How Do I Make My Tires Last Longer?

Tire Life

When you buy a new vehicle or a new set of tires for your current vehicle, there is nothing like the experience of a quiet drive and confident traction. Unfortunately, that experience doesn’t last forever. Road noise begins to increase as tread wears down, and the traction that was great initially begins to be questionable. How do you make your tires last as long as possible to prolong the effects and benefits of new tires?

There are three main ways to extend the life of your tires

  1. Use the proper rated tires for your vehicle:
  • Though it may seem like the right size tire is the only factor to consider for your vehicle, using the proper rated tires for your car is not that simple. If you are having your tires replaced, you need to ensure that you are getting the same or a better rating for tire load range and speed rating.

  • If the load range rating is too low for the vehicle the tires are being put on, you will get excessive friction and wear, and your tires won’t last as long as they could.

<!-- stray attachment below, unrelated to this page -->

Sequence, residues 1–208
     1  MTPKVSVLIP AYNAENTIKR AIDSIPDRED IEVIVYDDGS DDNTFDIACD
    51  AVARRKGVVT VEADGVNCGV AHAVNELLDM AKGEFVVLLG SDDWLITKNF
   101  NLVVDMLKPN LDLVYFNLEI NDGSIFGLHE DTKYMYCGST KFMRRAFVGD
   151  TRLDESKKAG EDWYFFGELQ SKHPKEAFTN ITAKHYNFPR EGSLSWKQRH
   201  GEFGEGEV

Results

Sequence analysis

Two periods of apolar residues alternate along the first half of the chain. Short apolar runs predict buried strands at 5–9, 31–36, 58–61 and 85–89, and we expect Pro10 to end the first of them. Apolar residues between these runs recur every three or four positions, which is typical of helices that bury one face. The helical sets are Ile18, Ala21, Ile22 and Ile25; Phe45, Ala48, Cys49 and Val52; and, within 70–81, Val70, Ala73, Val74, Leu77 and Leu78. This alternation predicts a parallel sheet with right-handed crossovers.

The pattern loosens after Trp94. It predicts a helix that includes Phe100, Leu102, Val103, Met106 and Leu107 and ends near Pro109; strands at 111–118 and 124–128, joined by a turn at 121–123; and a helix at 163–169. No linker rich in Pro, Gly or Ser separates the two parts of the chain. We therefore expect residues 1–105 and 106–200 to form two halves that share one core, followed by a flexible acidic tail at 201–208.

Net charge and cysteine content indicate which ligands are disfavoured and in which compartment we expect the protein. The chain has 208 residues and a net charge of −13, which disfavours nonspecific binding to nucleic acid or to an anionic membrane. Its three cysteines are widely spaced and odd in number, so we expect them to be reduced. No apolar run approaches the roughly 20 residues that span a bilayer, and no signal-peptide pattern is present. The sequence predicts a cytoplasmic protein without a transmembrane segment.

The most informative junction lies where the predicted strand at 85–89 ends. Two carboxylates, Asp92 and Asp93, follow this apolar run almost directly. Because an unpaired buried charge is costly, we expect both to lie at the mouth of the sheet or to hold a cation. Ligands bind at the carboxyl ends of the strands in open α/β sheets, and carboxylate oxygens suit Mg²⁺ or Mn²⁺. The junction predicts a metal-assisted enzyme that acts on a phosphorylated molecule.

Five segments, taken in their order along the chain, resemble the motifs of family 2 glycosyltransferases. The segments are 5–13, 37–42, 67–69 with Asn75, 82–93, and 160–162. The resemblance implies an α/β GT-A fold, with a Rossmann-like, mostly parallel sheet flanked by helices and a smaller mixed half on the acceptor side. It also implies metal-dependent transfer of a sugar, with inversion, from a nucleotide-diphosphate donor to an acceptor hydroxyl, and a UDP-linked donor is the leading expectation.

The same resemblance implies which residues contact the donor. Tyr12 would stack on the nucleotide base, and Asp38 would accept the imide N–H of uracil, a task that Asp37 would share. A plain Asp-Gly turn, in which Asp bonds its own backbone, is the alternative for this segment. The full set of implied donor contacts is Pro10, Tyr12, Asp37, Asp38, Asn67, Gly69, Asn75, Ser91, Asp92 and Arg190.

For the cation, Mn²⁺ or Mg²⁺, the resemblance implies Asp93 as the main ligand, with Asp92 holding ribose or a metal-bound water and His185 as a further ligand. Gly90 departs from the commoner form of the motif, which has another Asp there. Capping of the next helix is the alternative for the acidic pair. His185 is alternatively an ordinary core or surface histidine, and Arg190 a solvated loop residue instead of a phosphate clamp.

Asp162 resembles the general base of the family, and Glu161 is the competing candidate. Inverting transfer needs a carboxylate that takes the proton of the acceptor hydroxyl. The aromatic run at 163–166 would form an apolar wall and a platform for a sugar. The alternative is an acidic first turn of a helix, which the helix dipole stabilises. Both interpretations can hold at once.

• If the speed rating is lower than necessary, your tires could experience excess heat that quickly wears the tread off, or worse yet, you could experience a dangerous tire blowout.

  1. Accelerate from a stop in a controlled, easy fashion:
  • Easy acceleration wears your tires much less than hard acceleration.

  • When you spin your tires on hard acceleration, little bits of rubber are left on the road. That’s why you see black tire marks from people who chirp their tires off the line, or do burnouts when they accelerate.

  • Brake in a firm yet controlled manner.

  • Hard braking creates extra friction on your tires that wears them prematurely. Even if your brakes don’t lock up, you are peeling thin layers of rubber off your tires every time.

  1. Perform tire maintenance as recommended by your car manufacturer:
  • Rotating your tires is important for their longevity.

  • Depending on your vehicle’s design, you will notice either the front pair of tires or the rear tires will wear more. If they are allowed to wear without being rotated to a different, less wear-prone location, you will have two bald tires and two half-decent tires on your vehicle before long. Rotating the tires allows the whole set to evenly wear so you get the most life out of all four.

  • Most manufacturers suggest having your tires rotated every six months or 6,000 miles.

The statements expressed above are only for informational purposes and should be independently verified. Please see our terms of service for more details

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